Hurricane Elsa churned through the Caribbean Friday, bringing powerful winds and threatening to pile further misery on violence-wracked Haiti.
The Category 1 storm strengthened slightly on Friday afternoon and was packing maximum sustained winds of 85 miles (140 kilometers) per hour as it moved northwest near St Vincent and the Grenadines in the eastern Caribbean at around 5:00 pm (2100 GMT), the US National Hurricane Center (NHC) said.
The center said Elsa could bring a tidal surge of as much as six feet (two meters) above normal on Cuba's southern coast; up to four feet on the southern coast of Hispaniola, which is made up of Haiti and the Dominican Republic; and up to three feet on the coast of Jamaica.
Rainfall, storm surges and strong winds from Elsa could affect the Florida Keys and parts of the Florida peninsula early next week, but this depends on how the storm behaves this weekend when it hits large Caribbean islands, the NHC said.
Hurricane-related weather would be bad news for the Florida town of Surfside, near Miami, as it tries to dig out a collapsed condo building in search of survivors and bodies.
Elsa is forecast to move near the southern coast of Hispaniola on Saturday, and Haitian authorities expressed worry Friday that they lack emergency supplies such as food and water.
A good part of the emergency resources the government did have were used in another crisis: the evacuation of thousands of people from their homes in Port-au-Prince because of raging gang violence.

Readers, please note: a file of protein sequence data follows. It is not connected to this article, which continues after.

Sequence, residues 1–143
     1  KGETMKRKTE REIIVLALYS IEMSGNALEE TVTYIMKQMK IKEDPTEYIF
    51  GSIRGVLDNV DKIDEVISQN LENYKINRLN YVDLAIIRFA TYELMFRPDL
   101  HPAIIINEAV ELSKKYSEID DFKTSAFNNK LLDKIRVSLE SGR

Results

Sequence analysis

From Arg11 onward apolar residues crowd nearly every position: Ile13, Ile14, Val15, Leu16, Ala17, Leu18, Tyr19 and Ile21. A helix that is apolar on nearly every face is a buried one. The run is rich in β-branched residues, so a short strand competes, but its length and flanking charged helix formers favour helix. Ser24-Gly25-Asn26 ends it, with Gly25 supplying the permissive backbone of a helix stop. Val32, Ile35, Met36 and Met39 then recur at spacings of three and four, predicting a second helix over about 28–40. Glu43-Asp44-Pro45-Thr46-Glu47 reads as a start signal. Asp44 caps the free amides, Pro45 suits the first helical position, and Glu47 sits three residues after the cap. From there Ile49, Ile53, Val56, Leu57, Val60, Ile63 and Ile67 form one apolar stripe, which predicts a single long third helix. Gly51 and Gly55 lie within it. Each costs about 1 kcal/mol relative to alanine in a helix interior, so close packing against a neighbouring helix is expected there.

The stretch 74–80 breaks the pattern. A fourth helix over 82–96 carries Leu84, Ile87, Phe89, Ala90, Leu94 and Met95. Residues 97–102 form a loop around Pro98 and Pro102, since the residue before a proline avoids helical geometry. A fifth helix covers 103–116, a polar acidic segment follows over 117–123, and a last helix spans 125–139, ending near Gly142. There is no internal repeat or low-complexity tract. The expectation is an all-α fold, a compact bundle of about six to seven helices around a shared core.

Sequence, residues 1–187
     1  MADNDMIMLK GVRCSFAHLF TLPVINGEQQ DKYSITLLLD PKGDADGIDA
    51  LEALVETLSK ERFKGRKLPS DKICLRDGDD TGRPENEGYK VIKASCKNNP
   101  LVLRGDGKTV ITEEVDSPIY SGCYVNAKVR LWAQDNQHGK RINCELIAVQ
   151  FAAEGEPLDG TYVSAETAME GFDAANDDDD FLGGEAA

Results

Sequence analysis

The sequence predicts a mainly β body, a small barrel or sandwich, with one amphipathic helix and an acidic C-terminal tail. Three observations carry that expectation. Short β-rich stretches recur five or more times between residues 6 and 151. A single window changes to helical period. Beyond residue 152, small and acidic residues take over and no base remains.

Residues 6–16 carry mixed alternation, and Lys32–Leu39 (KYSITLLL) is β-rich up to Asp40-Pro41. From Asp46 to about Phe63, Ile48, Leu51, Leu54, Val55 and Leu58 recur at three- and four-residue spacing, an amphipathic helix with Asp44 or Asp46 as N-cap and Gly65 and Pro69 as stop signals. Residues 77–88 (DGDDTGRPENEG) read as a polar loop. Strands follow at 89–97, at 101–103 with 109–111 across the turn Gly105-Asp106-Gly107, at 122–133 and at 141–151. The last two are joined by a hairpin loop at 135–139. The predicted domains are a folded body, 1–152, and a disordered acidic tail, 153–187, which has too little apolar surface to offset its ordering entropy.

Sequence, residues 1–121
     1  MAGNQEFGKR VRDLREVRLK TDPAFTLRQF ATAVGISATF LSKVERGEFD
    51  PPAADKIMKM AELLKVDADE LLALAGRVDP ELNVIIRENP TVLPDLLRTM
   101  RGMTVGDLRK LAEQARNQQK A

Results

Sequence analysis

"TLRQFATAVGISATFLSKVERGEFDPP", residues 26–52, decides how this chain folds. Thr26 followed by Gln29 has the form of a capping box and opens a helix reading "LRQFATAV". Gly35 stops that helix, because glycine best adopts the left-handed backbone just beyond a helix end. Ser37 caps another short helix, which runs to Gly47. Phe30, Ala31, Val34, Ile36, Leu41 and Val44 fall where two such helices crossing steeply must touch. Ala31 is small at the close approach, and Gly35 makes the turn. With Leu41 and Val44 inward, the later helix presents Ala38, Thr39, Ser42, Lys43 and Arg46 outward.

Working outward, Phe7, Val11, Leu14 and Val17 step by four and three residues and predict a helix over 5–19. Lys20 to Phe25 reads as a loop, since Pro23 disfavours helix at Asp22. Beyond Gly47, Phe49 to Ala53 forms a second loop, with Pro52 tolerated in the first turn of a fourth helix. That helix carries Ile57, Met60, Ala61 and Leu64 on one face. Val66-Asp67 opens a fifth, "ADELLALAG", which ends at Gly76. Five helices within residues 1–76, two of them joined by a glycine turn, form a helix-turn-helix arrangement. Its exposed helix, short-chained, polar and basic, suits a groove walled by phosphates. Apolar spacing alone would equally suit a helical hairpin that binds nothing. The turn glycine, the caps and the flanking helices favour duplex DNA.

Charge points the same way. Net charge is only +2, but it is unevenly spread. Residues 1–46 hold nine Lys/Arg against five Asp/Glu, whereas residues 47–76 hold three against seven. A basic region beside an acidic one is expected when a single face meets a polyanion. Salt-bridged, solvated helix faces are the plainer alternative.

Many of these people are staying in gyms, schools or other public buildings, and some of the supplies that had been earmarked for the hurricane season have been used on these evacuees, said Jerry Chandler, director of the Haitian civil protection agency.
As the hurricane approached, authorities declared a weather alert Friday.
Authorities want to ship emergency supplies to the southern coast, which is most threatened. But heavily armed gangs control part of the only road leading from the capital to the south, and they do not let everything through.
To reach these threatened areas, Chandler said, "we have to go through red zones," referring to gang-held territory.
In 2016, Hurricane Matthew killed more than 500 people in southern Haiti and caused nearly $2 billion in damage.
By Sunday, Elsa is forecast to move near Jamaica and portions of eastern Cuba, the US center said.